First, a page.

List of monarchs who lost their thrones in the 20th and 21st centuries

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The following monarchs either lost their thrones through deposition by a coup d'état, by a referendum which abolished their throne, or chose to abdicate during the 20th century or 21st century. A list of surviving former monarchs appears at the end of the article.

See also: Abolished monarchy, List of current monarchs, List of non-sovereign monarchs who lost their thrones in the 20th and 21st centuries

A[edit]

Afghanistan[edit]

Albania (Principality)[edit]

  • Prince William fled Albania in 1914 following the outbreak of World War I (he was formally deposed in 1925).

Albania (Kingdom)[edit]

Austria-Hungary[edit]

B[edit]

Belgium[edit]

Bhutan[edit]

Brunei[edit]

Bulgaria[edit]

Burundi[edit]

C[edit]

Cambodia[edit]

  • King Norodom Sihanouk abdicated in 1955, then served in various important positions, including prime minister and head of state, intermittently until 1976, and was eventually restored to the kingship in 1993. He abdicated a second time in favour of his son, Norodom Sihamoni, on 7 October 2004.
  • Queen Sisowath Kossamak was deposed in 1970 with the coup that ended the regime of Prince Norodom Sihanouk. The monarchy was restored in 1993 with Sihanouk (who had previously reigned from 1941 to 1955) as King.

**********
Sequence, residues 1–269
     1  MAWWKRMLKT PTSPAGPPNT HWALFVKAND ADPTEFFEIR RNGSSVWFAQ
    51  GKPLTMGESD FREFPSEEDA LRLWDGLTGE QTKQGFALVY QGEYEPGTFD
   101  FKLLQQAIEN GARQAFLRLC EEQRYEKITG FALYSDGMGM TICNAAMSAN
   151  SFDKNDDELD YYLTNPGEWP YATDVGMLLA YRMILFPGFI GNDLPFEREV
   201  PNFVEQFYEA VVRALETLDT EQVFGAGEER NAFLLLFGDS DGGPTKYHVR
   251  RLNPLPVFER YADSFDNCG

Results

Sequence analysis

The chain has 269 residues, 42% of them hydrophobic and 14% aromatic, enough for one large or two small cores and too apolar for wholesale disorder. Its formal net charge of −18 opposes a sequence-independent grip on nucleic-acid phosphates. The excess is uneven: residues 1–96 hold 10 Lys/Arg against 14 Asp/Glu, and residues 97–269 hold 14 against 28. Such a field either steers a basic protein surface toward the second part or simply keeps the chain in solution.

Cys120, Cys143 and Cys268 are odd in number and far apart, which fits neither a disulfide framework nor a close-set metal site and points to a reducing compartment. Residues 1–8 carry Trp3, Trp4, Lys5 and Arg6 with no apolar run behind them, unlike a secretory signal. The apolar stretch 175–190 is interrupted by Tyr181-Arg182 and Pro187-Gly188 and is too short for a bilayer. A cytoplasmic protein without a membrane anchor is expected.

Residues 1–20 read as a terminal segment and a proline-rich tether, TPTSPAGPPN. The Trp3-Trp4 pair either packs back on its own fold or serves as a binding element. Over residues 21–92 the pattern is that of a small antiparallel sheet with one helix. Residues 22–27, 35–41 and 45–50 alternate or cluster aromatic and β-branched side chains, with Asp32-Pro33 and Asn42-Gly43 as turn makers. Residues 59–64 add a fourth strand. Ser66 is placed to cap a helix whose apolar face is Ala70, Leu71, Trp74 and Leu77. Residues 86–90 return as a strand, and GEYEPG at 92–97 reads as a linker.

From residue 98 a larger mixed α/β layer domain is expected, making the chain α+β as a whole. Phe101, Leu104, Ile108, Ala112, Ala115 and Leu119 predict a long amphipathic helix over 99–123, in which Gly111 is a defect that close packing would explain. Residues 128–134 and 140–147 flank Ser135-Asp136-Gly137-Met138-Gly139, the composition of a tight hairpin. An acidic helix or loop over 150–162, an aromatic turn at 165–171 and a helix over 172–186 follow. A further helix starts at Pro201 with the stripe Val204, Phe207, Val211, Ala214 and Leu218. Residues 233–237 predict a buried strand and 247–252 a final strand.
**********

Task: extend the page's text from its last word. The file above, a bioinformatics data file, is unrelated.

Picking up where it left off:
Canada[edit]

Central African Empire[edit]

  • Bokassa I (president turned monarch), Emperor of Central African Empire, deposed in 1979.

Ceylon[edit]

  • Queen Elizabeth II ceased to be Queen of Ceylon in 1972 when the country became a republic (The country was renamed Sri Lanka).

China[edit]

  • Xuantong Emperor (Puyi) was forced to abdicate in 1912 following a Republican revolution.
  • Yuan Shikai (reigned as the self-proclaimed Hongxian Emperor) abdicated in 1916, a few months before his death, and lasting only 83 days on the throne.
  • Xuantong Emperor (Puyi) was forced to abdicate again in 1917 following another Republican revolution.

Croatia[edit]

E[edit]

Egypt[edit]

  • King Farouk abdicated in 1952 in favor of his infant son Fuad II.
  • King Fuad II was deposed in 1953.

Ethiopia[edit]

  • While never formally crowned Emperor, the future Iyasu V was deposed in 1916 for suspected conversion to the Muslim faith.
  • Emperor Haile Selassie I was deposed following the Italian invasion of Ethiopia in 1936, and restored in 1941. He was deposed again during the communist revolution in 1975.
  • King Victor Emmanuel III of Italy, also Emperor of Ethiopia, renounced his claim to the Ethiopian throne in 1943.
  • Emperor Amha Selassie I, briefly emperor 1974–1975, was deposed by the abolition of the monarchy.

F[edit]

Fiji[edit]

  • Queen Elizabeth II ceased to be Queen of Fiji in 1987 when the country became a republic following a coup.